Before the Sixties got swinging

First published in Paul Welsh Borehamwood Times: Photograph of the Author by

This week we look back at Elstree Studios 50 years ago and the productions being made at the studio.

This was in the age when the facility was mainly used to produce movies and long before the era of reality television shows. Some films were still being produced in black and white, as were television series since colour TV was still a few years away.

Personally I find black and white quite nostalgic. This was a period of transition from the the post war gloom with the swinging Sixties about to blossom.

I am not sure our image of the swinging Sixties ever extended much beyond London. I was still a kid back then and my idea of a swinging night out was an ice cream in a glass of Tizer fizzy drink at Hansons tea shop, followed by a trip to the old cinema, where an office block now stands, with a bag of warm salted peanuts.

The Elstree Studios output embraced a mix of colourful musicals, gritty drama and comedy.

The drama was supplied by three films. The first was entitled Dr Crippen, which told the story of the Edwardian murderer who is supposed to have killed his wife and cut up her body leaving bits of it buried in his basement.

The case became a sensation as he tried to flee with his girlfriend aboard a ship to Canada and was the first murderer caught by the use of ship to shore telegraph.

The murder house was destroyed in the blitz but I have stood in the cell where Crippen was held at the old Bow Street police station. He was played by Donald Pleasance who told me in 1980 he was quite proud of the film.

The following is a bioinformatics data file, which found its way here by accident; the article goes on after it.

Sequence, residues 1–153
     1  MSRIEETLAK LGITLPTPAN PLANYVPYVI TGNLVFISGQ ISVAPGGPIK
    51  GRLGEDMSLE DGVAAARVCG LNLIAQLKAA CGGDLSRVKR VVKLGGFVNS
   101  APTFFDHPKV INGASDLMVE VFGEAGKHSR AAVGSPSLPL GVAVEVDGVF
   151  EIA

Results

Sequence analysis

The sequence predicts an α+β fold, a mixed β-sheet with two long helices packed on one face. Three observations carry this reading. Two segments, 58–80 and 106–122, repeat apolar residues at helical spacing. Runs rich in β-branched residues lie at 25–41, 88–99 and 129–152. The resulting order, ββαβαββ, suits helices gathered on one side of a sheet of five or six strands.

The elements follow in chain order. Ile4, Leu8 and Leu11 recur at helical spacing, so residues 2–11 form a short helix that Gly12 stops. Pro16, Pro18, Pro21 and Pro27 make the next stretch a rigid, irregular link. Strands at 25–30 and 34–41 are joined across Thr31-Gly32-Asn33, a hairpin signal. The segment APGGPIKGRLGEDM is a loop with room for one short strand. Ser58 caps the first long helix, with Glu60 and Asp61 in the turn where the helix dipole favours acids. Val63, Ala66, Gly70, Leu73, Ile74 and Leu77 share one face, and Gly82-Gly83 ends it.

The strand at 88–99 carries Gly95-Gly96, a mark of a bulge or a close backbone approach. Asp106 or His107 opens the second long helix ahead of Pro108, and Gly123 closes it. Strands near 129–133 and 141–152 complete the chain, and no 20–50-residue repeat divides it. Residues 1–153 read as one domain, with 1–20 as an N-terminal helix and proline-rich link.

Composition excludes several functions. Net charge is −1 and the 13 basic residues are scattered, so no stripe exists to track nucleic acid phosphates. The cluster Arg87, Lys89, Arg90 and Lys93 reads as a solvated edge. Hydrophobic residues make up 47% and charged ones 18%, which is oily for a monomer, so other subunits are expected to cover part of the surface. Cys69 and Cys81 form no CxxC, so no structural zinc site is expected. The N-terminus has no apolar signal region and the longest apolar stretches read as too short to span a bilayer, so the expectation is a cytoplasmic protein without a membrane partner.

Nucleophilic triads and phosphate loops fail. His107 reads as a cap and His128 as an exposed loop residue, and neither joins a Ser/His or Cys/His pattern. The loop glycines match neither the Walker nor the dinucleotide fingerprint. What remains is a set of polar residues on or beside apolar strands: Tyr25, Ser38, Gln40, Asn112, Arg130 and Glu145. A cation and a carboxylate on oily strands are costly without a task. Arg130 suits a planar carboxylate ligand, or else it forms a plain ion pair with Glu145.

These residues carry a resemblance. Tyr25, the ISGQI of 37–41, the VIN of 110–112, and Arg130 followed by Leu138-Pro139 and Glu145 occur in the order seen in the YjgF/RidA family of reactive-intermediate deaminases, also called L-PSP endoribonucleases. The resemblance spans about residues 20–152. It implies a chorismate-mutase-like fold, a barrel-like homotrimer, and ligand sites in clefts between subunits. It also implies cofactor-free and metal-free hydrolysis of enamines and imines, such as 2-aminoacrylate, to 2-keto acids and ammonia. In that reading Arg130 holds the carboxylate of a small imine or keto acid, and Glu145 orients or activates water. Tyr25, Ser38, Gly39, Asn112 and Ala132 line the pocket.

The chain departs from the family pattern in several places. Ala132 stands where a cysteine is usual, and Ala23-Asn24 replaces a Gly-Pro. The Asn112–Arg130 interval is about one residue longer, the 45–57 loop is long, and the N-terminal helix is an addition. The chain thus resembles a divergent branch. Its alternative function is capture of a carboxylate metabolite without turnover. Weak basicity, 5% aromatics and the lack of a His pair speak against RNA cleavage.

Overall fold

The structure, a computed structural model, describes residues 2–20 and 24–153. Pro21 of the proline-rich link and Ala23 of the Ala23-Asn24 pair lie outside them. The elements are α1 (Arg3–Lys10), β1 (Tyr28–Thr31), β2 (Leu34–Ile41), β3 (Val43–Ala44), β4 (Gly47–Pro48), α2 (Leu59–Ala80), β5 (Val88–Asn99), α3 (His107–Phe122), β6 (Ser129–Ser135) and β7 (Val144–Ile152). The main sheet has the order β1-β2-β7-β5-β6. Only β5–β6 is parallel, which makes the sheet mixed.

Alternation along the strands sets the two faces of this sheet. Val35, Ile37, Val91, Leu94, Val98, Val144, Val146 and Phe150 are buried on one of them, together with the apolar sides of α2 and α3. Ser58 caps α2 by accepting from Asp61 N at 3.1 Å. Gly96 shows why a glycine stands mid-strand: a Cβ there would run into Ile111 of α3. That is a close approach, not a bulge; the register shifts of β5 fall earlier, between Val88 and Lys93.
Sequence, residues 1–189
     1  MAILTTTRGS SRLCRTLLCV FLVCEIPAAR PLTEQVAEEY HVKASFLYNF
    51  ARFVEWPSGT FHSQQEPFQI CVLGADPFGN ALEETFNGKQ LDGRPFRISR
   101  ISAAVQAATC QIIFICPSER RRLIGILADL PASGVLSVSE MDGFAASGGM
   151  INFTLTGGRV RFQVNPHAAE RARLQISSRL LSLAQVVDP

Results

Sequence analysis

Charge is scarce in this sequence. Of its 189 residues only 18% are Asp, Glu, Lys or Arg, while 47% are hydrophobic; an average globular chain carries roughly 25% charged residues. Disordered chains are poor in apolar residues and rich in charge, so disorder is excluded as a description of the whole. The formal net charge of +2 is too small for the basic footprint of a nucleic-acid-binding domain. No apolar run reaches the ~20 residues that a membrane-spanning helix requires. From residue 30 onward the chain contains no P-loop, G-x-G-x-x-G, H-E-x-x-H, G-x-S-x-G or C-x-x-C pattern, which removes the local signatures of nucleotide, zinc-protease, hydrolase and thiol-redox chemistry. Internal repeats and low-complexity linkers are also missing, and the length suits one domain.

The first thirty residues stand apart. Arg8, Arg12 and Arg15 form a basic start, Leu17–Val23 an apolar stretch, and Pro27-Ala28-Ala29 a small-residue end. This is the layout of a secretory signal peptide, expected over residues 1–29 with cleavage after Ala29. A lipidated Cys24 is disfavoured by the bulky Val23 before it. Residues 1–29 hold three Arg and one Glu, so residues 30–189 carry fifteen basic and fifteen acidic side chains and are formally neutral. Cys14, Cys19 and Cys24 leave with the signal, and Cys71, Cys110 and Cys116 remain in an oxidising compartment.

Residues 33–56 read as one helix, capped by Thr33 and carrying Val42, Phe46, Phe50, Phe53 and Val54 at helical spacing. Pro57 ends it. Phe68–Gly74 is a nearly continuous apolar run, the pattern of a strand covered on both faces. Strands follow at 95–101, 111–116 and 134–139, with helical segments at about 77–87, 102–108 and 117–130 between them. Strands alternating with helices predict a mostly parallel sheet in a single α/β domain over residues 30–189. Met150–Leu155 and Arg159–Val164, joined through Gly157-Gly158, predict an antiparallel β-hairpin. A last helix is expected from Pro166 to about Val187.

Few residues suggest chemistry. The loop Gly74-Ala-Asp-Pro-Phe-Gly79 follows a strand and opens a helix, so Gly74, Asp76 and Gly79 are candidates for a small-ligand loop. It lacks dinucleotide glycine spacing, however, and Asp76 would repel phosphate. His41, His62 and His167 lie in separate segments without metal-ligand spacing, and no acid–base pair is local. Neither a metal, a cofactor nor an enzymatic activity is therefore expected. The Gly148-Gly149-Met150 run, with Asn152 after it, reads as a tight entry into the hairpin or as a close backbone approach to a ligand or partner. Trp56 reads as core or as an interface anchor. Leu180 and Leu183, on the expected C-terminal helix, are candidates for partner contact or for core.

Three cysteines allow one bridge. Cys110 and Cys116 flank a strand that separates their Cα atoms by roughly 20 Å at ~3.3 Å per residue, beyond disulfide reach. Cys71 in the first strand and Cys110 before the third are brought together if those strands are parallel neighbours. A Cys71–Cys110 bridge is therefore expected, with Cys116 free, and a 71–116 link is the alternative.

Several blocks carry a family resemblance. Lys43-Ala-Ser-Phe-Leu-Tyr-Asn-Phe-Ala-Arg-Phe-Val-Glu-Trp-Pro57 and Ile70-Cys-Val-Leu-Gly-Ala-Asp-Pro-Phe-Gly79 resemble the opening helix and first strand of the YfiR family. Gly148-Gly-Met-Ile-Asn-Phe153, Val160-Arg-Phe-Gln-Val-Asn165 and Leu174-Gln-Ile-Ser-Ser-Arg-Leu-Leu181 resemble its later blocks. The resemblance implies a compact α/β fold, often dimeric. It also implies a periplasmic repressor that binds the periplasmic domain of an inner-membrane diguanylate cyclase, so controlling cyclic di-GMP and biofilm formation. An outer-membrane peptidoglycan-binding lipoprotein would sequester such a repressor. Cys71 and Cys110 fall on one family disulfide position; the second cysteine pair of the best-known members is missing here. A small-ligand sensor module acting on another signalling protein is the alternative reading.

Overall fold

The other two dramas were Sparrows Can’t Sing, mainly shot in the long gone East End with Barbara Windsor, and Jigsaw, a crime mystery with Jack Warner as a police detective. Jack of course played the title role of Dixon of Dock Green on TV in a series that ran for many years. In each episode he used to greet us standing under a blue lamp with the words “evening all”.

Those were the days when criminals, on being arrested, would exclaim: “It’s a fair cop, Guv, you’ve got me bang to rights, I will come peaceful.”

Don’t you just long for those days when a police officer would summon help by blowing a whistle or run to a Dr Who police box and criminals knew their place.

On the comedy front we had Tony Hancock showing perhaps too much of his tormented inner self in The Punch And Judy Man, which proved a flop. We forget now how people used to stay in to listen to his shows on radio and television, but the Sixties left him behind and he committed suicide in Australia.

Then there was We Joined The Navy, starring the ever reliable Kenneth More who had been a big star in the Fifties but unwisely insulted his Rank Organisation boss at an industry function and lost out on films such as The Guns Of Navarone.

The best remembered film of that year was the Elstree musical Summer Holiday which starred Cliff Richard and had a great score of memorable numbers.

However, there was one television series produced at Elstree in 1962 that was to make someone an international star.

It was of course The Saint with Roger Moore and the studio became his home for the next seven years.

Again I recall watching the series on our black and white TV at home without ever dreaming I would bring Roger back to the studio in 2006 for his plaque unveiling.

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